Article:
The numbers are in after the Minnesota State Patrol cracked down on drinking and driving throughout the entire month of December.
In the month of December, a total of 2,500 impaired drivers were arrested throughout the state. The number is slightly down from the 2,600 arrests that were made in 2011 due to the statewide crackdown on DWI’s in Minnesota.
The counties that reported arrest numbers that were lower than the state average were Murray, Nobles, Pipestone, Jackson, Cottonwood and Rock counties. Of those counties, Murray County was the only one to report no DWI arrests for the entire month. Rock County only had one and Cottonwood and Pipestone only had two. Nobles had 4 and Jackson had 5.
The Southwest corner of the state stayed rather consistent with their DWI arrests, staying around their average number of arrests. This is an area of the state that never sees a major swing in their numbers.
The counties with the highest number of alcohol-related injuries and deaths are Anoka, Dakota, Ramsey, Olmsted, St. Louis, Stearns, Sherburne, Wright, and Washington.
The DWI crackdown is the result of a major effort to reduce the number of traffic fatalities. The ultimate goal is for there to be no deaths, but the current goal is to reduce the number to 350 by 2014. Unfortunately 2012 saw an increase in the number of deaths on the road with a grand total of 378. However, 2012 still proved to be the safest year to be on Minnesota roads since 1944 when the number of deaths was 356.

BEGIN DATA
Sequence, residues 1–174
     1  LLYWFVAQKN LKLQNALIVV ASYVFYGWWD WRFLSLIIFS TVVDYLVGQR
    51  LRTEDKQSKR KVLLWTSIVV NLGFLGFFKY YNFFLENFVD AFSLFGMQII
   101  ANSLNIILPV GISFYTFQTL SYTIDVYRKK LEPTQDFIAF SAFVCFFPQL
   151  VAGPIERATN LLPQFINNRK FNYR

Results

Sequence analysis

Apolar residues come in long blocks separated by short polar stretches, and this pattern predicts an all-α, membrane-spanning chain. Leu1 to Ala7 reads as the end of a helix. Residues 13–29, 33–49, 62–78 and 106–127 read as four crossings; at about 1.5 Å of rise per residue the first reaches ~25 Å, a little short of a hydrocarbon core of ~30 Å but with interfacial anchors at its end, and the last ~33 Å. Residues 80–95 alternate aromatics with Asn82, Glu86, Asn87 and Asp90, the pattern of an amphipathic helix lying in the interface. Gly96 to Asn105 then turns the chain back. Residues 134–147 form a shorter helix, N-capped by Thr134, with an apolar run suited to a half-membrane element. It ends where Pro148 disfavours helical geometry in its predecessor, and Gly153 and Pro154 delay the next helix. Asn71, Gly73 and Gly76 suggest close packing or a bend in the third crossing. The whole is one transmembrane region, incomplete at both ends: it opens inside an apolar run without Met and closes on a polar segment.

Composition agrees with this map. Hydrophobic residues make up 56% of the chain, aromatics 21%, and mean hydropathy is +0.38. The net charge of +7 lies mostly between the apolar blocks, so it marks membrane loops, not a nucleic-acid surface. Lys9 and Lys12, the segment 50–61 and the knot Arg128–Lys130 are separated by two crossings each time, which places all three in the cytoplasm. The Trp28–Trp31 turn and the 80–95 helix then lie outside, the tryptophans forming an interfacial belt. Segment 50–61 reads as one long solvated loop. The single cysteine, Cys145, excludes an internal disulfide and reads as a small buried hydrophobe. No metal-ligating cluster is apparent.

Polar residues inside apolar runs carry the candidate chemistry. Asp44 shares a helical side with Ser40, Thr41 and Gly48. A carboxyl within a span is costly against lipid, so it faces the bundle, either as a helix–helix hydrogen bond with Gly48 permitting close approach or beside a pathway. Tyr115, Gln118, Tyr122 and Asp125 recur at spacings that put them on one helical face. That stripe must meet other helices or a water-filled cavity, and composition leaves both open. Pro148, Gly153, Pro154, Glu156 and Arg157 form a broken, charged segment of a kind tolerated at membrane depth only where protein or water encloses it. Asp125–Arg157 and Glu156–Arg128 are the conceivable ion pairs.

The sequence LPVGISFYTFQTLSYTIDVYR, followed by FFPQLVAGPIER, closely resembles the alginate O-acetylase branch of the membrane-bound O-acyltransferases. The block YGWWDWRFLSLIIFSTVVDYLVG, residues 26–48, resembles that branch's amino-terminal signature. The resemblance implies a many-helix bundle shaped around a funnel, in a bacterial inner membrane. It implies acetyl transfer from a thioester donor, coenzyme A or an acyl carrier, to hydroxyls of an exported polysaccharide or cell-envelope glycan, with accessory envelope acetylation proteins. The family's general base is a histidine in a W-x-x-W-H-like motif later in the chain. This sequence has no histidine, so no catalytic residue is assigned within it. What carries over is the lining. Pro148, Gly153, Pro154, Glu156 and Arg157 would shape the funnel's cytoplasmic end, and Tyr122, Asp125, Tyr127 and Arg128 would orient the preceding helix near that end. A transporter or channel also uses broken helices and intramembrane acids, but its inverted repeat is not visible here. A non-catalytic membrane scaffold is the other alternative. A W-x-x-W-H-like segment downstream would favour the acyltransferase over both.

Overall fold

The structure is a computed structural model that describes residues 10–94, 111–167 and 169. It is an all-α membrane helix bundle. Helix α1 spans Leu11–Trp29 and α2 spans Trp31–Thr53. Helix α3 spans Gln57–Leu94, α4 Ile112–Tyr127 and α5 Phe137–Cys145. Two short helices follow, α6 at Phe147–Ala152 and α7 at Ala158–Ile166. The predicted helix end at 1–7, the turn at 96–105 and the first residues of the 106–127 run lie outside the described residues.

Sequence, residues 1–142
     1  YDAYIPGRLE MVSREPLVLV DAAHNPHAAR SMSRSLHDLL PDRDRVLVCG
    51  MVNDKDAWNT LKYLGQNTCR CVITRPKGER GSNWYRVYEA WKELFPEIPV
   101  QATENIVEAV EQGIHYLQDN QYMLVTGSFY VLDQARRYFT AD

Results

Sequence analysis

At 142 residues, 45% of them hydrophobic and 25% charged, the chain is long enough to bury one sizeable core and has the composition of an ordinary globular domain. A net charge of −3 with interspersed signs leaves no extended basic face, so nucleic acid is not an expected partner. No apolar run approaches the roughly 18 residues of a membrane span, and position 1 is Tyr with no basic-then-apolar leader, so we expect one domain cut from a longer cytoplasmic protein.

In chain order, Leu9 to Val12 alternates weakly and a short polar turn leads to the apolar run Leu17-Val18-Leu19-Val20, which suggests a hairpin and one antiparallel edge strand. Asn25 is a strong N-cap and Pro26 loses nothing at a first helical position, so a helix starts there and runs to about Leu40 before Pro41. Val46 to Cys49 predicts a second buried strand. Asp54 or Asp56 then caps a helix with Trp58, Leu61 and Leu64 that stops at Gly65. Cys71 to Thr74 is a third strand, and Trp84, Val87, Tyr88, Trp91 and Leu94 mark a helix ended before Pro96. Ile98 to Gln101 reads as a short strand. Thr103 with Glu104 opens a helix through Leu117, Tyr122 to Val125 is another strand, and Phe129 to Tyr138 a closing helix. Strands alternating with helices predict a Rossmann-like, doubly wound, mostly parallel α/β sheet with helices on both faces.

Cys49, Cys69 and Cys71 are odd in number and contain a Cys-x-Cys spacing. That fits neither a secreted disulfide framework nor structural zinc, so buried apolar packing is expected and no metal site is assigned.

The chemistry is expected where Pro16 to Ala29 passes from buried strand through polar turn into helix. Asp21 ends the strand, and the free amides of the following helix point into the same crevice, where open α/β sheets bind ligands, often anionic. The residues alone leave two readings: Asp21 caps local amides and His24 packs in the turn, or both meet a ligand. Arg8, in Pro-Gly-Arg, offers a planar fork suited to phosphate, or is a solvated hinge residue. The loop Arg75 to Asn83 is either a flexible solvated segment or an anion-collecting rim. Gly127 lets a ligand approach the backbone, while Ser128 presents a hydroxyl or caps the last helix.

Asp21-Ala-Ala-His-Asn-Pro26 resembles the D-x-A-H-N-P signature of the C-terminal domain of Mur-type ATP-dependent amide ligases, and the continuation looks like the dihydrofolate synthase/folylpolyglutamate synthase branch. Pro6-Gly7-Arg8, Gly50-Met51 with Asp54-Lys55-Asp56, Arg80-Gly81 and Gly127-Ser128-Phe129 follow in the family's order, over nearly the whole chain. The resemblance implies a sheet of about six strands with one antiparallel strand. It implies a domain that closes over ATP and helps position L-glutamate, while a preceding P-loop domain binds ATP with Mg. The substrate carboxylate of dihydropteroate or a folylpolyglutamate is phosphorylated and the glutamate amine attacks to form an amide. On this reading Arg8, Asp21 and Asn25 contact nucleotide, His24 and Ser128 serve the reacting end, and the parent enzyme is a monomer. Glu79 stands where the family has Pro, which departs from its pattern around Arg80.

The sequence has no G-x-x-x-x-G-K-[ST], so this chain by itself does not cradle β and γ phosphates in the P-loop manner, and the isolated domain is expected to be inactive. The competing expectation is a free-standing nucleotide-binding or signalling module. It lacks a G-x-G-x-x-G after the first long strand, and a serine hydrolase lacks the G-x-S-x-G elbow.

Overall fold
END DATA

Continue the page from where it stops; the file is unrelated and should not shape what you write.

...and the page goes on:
In 2011, Minnesota was recognized as the state with the lowest death rate per 100 million miles travelled by the vehicles on its roads. This is great progress considering that the average death rate per year in the mid 90’s was 547.
As for why the number of DWI offenses is decreasing, it has much to do with the penalties. For instance a person can face license revocation for up to one year and pay thousands of dollars in fines along with time in jail if convicted. Those with three or more offenses have to use an ignition interlock device for up to six years.
The public has also been educated on what to do if they see a driver that they believe to be intoxicated. They are to call 911 and provide as much information as possible, such as location and license plate number.
It should be noted that not every person arrested for DWI is convicted, as there are many times that a person is wrongfully arrested, a rights violation occurred during the arrest procedure, or there is not sufficient evidence to convict.